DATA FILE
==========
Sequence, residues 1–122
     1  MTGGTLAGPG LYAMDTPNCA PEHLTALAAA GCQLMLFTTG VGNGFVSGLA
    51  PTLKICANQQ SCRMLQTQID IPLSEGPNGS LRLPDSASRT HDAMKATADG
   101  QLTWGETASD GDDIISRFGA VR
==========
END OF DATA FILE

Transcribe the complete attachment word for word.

Sequence, residues 1–122
     1  MTGGTLAGPG LYAMDTPNCA PEHLTALAAA GCQLMLFTTG VGNGFVSGLA
    51  PTLKICANQQ SCRMLQTQID IPLSEGPNGS LRLPDSASRT HDAMKATADG
   101  QLTWGETASD GDDIISRFGA VR